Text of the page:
Nature-based solutions for decentralized wastewater treatment in the Lower Danube

GWP Central and Eastern Europe successfully completed a project on innovative wastewater treatment, developed in cooperation with IRIDRA and the Water Science Institute in Slovenia. The project was supported by the EU Joint Research Centre and was implemented in Kamniška Bistrica River Basin Slovenia during the years 2016-2017.

Protection of water quality in the Danube region

The enhancement and protection of water quality has been recognised as an issue in the Danube river therefore it is reflected in the European Union Strategy for the Danube Region (EUSDR). The Joint Research Centre (JRC) provides scientific support to the Strategy which addresses the scientific needs related to the implementation of the EUSDR. It helps decision-makers and other stakeholders to identify the policy needs and actions required for the implementation of the Strategy.

Among the threats to water quality, untreated or poorly treated wastewater were identified as a key problem in some countries, according to the Danube River Basin Management Plan updated in 2015 and developed by the International Commission for the Protection of the Danube River (ICPDR).

 Finding affordable and sustainable wastewater treatment solutions  

Funded by the JRC, IRIDRA, the Water Science Institute and GWP Central and Eastern Europe implemented a project that broadened knowledge about alternatives for wastewater treatment in small settlements in the Lower Danube Region countries.

The overall aim of this project was to identify an affordable and sustainable solution for the wastewater treatment of small and medium settlements, which can be replicable in the studied river basin, and can improve the capacity building of local companies which are involved in small wastewater treatment activities.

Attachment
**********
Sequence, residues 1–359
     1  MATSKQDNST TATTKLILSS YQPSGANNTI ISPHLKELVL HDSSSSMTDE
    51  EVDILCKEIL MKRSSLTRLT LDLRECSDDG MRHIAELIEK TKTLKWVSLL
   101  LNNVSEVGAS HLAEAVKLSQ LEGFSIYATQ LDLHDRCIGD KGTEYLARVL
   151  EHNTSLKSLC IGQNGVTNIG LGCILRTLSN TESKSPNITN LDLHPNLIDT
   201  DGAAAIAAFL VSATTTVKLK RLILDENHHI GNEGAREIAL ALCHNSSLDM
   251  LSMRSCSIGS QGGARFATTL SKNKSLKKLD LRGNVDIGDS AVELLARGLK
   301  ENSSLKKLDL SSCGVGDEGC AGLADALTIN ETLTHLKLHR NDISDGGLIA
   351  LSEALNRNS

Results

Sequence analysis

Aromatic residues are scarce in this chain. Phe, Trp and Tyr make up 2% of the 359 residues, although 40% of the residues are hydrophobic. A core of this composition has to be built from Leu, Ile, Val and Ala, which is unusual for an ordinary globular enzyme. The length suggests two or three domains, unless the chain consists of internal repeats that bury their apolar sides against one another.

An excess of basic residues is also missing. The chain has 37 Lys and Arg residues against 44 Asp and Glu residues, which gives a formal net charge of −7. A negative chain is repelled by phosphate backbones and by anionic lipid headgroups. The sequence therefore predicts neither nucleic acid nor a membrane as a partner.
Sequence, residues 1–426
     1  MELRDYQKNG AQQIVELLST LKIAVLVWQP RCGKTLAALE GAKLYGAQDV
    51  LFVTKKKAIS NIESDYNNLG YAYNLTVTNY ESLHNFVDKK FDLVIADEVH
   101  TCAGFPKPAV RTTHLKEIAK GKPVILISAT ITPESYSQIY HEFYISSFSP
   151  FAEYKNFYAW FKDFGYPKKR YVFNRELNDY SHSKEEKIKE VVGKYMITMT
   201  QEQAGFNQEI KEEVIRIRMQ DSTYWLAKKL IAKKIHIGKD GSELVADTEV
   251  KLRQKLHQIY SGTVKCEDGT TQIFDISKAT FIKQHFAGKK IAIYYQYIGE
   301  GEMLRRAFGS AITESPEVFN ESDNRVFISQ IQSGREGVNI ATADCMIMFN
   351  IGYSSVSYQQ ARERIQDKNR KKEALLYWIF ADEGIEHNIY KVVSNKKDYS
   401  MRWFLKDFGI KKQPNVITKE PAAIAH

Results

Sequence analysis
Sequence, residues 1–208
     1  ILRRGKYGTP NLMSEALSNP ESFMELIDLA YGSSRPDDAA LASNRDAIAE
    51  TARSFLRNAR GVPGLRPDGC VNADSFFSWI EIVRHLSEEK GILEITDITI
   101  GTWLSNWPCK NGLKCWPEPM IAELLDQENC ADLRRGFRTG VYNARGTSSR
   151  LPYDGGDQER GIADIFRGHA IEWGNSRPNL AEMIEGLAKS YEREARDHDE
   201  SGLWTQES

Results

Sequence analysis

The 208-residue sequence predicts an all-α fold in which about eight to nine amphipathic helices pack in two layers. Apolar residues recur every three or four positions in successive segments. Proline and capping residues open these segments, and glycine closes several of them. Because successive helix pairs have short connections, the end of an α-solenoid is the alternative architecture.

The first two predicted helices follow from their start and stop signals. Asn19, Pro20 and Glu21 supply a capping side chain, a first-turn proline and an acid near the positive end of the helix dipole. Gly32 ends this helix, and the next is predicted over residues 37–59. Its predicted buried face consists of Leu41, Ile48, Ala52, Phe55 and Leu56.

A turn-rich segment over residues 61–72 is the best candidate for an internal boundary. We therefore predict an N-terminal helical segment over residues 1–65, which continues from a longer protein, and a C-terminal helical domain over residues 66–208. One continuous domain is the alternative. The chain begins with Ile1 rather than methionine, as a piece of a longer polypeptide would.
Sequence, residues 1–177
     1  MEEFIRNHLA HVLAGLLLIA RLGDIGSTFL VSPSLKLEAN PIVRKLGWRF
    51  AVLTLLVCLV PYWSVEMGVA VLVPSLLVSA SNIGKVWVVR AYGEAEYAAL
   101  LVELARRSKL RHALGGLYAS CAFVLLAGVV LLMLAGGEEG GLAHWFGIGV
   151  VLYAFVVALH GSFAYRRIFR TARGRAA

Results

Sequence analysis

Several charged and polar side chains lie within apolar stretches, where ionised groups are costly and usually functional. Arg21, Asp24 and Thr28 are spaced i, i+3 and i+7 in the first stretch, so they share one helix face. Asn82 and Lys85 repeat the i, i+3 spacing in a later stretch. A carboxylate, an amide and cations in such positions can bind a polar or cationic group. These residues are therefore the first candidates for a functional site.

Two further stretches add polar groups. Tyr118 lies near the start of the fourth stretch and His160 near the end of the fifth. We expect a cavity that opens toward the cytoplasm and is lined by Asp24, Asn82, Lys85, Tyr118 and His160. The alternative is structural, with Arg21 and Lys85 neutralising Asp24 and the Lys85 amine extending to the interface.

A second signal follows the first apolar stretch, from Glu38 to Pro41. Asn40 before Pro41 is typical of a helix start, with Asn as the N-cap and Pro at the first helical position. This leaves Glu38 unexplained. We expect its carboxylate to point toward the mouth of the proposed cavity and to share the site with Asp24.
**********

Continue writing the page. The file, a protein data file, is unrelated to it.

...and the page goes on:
Within the project, three settlements with a population of 500-2000 inhabitants each and located in  Kamniška Bistrica catchment, a small river basin in Slovenia in the lower Danube area, were selected as case studies. Decentralized approaches were compared to the option of collecting wastewater in a centralized treatment plant. Several technologies were assessed considering the most recent systems to be applied in small settlements.

 Analysis of the sustainability of the proposed solutions

 A feasibility study was conducted with two main goals: to screen the technical alternatives and to select the preferred alternative. It also covered the technical and financial appraisal of the selected alternative, the financial and economic analysis and identification of capacity building needs and plan for the training of plant operators.

The feasibility study results suggest constructed wetlands, a nature-based solution, as one of the best alternative. This technology, present on the market scale for 50 years,  is already in use in Slovenia. Sequencing batch reactors (SBR) is another good alternative, which could be used for decentralized treatment wherever there is a lack of available land for constructed wetlands.

However, the study concludes that the decentralized approach offers real economic, social and environmental advantages only if very robust and low-maintenance technologies are used. Thus, such aspects must be considered by the water policy at the basin scale.

AlgaeBioGas project run by AlgEn, algal technology centre and KOTO, biogas plant operator in Ljubljana 

Supported by the EUSDR, GWP Central and Eastern Europe developed the SANDANUBE project proposal in 2016 that focuses on innovative wastewater management in the rural areas of Central and Eastern Europe. In the future, the SANDANUBE proposal will be submitted to relevant funding programmes.

Cover photo: Constructed wetland waste water treatment plant at golf club in Ljubljana